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VAT changes 2016

05 October 2016

With the passing of the 2016 amendments to the tax law the tax legislation for the coming year is now finalised. In this special BDO’s newsletter for your convenience we have summarized the main tax legislation changes impacting firms registered for VAT in Hungary.

We are pleased to provide you more detailed information and analysis of the new rules that could have impact on your business.

Please do not hesitate to contact us!

  1. Invoicing software – new requirements

As of 1st January 2016 all invoicing software must have an independent function suitable for making the data available to the tax administration with a single click,

  • for invoices issued during a certain period specified with a starting and ending date (year, month, day), and
  • for invoices within a certain range of invoice serial numbers specified with a starting and ending invoice serial number.

This new function, the so-called "data disclosure for tax administration audit" or data export will enable the tax administration in the course of a potential tax audit to quickly export data on issued invoices in a consolidated structure. The specifications for the schematic structure of the data export are contained in detail within the annexes of the Decree.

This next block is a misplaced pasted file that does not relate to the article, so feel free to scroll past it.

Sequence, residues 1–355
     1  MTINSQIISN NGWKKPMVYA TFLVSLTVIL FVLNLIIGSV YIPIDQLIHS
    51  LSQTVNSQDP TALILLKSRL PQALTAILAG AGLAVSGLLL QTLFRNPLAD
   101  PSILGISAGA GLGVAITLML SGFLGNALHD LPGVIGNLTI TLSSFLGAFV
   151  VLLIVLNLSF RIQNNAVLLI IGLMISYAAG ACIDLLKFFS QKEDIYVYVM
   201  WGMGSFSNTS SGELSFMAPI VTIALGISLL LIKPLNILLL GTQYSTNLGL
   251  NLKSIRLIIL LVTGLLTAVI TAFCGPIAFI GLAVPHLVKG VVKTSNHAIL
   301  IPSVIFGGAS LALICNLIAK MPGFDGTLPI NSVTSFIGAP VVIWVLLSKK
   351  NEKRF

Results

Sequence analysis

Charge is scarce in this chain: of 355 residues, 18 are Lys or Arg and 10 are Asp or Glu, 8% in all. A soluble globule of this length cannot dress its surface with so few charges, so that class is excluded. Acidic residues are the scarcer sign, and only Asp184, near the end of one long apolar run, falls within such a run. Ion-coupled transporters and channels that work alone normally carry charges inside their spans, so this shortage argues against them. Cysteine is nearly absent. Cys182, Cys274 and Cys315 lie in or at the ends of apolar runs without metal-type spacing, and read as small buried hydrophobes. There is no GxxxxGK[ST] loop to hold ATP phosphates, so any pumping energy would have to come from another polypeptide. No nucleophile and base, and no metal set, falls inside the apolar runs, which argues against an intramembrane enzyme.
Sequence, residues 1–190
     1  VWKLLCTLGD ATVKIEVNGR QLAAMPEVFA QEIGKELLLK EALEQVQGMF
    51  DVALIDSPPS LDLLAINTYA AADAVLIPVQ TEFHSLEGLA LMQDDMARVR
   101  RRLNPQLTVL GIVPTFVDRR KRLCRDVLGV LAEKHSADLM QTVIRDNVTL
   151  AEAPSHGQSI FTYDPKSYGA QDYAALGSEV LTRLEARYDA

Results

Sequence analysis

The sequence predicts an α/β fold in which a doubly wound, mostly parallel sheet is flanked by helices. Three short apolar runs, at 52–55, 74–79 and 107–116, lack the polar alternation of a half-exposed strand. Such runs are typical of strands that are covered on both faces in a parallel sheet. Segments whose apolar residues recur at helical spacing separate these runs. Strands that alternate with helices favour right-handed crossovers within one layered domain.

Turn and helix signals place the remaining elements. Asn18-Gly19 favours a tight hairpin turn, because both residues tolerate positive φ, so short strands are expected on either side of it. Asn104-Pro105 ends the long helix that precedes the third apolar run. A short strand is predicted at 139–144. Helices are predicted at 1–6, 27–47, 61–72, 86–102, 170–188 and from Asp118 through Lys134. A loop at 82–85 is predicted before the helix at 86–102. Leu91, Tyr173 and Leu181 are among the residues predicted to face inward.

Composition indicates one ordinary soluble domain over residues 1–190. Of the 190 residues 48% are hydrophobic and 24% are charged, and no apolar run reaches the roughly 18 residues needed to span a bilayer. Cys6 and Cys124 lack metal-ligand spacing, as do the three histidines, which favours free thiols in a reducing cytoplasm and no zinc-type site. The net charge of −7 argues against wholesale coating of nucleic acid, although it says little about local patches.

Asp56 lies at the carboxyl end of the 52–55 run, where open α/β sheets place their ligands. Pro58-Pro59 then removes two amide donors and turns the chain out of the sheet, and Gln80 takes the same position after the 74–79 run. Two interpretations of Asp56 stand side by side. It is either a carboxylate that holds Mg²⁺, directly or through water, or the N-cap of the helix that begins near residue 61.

The purpose of this new function is to improve the efficacy of tax administration audits. This requires much greater attention from users and a high level of precision from software developers.

The new rule applies for all taxpayers who issue invoices by invoicing software, therefore VAT registered foreign companies who issue invoices under their Hungarian tax number shall  also comply with this obligation.

  1. Classification of reliable taxpayer

As of January 1, 2016, the Act on Taxation introduces rules for reliable and risky taxpayers. Under the new classification scheme taxpayers classified as reliable will be treated more positively, while risky taxpayers will be treated more strictly than under the generic rules.

Who can be a reliable taxpayer?

A taxpayer may be classified as reliable, if it is meets all of the following criteria:

  • It has been active continually for at least 3 years, or it has been a taxpayer registered for VAT for at least 3 years;
  • In the year concerned and in the five preceding years:
    • The total of its delinquent taxes assessed by the state tax authority was not in excess of 3% of its tax for the year concerned;
    • It has not been subjected by the tax authority to judicial enforcement, not to include a transfer or the execution of the right of retention;
    • It has not been, and is not subject to on-going bankruptcy, liquidation, or forced de-registration proceedings;
    • It has not been, and is not subject to the suspension of its tax number;
    • It has not been, and is not subject to the deletion of its tax number;
    • It has not been, and is not subject to increased supervision by the tax authority;
  • It does not have a net tax liability in excess of HUF 500,000;
  • The total of the default penalties that have become due in the two years preceding the year concerned wasnot in excess of 1% of its tax assessed for the year concerned;